To further characterize the short-term levodopa response in early PD, we performed a retrospective analysis of the ELLDOPA study which randomized 361 early PD subjects to placebo, levodopa 150, 300, or 600 mg/day. We evaluated change in UPDRS motor scores (UPDRSm) from baseline to weeks 9 and 24, and identified changes in UPDRSm that best discriminated treatment with levodopa from placebo. Linear regressions were used to determine associations between baseline characteristics and changes in UPDRSm. Mean percent improvement in UPDRSm in levodopa-treated subjects was greater than that for placebo-treated subjects (27.4% vs. 5.8% at 9 weeks, P < 0.001 and 26.2% vs. 4.0% at 24 weeks, P < 0.001). UPDRSm change at 9 weeks ranged from -92.9% (improvement) to 85.7% (worsening) for levodopa and -86.7% to 160% for placebo, and at 24 weeks ranged from -100.0% to 242.9% for levodopa and -87.5% to 112.5% for placebo. UPDRSm improvements of 22.0% at 9 weeks and 23.8% at 24 weeks best discriminated treatment with levodopa 300 mg/day (a common initial maintenance dosage in clinical practice) from placebo. Significant associations were not observed between baseline subject characteristics and magnitude of response from baseline to week 24. We conclude that although levodopa treatment significantly improved PD signs when compared with placebo, there was a wide range and considerable overlap in clinical responses to levodopa and placebo. A substantial proportion of subjects with early PD did not experience a robust response to levodopa. An improvement in UPDRSm of approximately 22% best discriminated levodopa treatment from placebo.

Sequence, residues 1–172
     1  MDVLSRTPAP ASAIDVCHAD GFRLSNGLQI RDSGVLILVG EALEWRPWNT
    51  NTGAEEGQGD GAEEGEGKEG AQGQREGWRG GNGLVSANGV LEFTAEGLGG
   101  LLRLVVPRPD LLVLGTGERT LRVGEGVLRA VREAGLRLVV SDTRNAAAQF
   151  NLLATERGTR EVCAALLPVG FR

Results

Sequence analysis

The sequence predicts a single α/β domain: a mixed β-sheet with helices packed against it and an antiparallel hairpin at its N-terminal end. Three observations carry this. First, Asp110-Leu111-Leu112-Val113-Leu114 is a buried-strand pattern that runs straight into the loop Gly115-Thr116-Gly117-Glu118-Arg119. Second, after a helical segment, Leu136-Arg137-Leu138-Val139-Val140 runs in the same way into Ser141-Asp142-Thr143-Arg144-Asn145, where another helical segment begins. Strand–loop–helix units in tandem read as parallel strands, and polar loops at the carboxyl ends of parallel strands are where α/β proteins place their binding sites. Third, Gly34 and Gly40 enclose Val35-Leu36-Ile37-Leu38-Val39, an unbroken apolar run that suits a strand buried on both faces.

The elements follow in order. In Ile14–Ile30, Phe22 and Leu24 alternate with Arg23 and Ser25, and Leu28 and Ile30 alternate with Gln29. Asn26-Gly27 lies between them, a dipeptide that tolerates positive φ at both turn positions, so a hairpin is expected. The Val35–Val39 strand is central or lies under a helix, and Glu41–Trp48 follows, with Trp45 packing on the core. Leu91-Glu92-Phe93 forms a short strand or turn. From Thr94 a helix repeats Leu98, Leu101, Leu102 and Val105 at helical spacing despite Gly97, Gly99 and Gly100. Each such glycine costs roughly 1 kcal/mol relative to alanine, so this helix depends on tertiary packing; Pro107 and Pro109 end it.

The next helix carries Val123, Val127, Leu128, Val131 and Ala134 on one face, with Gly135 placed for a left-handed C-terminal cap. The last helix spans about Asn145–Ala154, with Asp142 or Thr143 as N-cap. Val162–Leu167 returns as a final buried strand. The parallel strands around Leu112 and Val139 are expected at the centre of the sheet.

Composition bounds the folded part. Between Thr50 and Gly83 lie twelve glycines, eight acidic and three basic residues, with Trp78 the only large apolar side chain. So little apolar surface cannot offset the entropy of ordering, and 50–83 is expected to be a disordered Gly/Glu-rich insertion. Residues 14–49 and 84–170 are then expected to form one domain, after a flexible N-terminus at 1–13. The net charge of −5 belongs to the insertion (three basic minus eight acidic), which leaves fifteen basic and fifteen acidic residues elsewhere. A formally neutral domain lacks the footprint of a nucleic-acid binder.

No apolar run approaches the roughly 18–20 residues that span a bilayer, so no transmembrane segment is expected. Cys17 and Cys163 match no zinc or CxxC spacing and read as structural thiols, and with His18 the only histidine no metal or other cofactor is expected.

(c) 2009 Movement Disorder Society.